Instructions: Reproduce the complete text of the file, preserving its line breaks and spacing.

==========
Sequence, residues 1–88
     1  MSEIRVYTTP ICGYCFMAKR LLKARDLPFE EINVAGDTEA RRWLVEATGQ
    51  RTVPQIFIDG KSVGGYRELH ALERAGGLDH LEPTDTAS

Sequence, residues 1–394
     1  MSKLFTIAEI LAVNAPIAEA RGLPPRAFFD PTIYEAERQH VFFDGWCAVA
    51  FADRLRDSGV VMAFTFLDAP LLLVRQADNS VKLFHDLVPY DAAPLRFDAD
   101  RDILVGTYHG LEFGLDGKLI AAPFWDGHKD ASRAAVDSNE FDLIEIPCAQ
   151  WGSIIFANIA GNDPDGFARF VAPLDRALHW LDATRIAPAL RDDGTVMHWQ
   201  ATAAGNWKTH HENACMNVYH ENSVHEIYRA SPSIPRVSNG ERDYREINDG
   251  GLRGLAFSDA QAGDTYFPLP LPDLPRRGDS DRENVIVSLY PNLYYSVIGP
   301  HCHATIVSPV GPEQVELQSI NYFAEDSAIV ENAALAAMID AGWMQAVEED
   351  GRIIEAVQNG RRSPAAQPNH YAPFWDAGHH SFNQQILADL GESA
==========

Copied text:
Sequence, residues 1–88
     1  MSEIRVYTTP ICGYCFMAKR LLKARDLPFE EINVAGDTEA RRWLVEATGQ
    51  RTVPQIFIDG KSVGGYRELH ALERAGGLDH LEPTDTAS

Sequence, residues 1–394
     1  MSKLFTIAEI LAVNAPIAEA RGLPPRAFFD PTIYEAERQH VFFDGWCAVA
    51  FADRLRDSGV VMAFTFLDAP LLLVRQADNS VKLFHDLVPY DAAPLRFDAD
   101  RDILVGTYHG LEFGLDGKLI AAPFWDGHKD ASRAAVDSNE FDLIEIPCAQ
   151  WGSIIFANIA GNDPDGFARF VAPLDRALHW LDATRIAPAL RDDGTVMHWQ
   201  ATAAGNWKTH HENACMNVYH ENSVHEIYRA SPSIPRVSNG ERDYREINDG
   251  GLRGLAFSDA QAGDTYFPLP LPDLPRRGDS DRENVIVSLY PNLYYSVIGP
   301  HCHATIVSPV GPEQVELQSI NYFAEDSAIV ENAALAAMID AGWMQAVEED
   351  GRIIEAVQNG RRSPAAQPNH YAPFWDAGHH SFNQQILADL GESA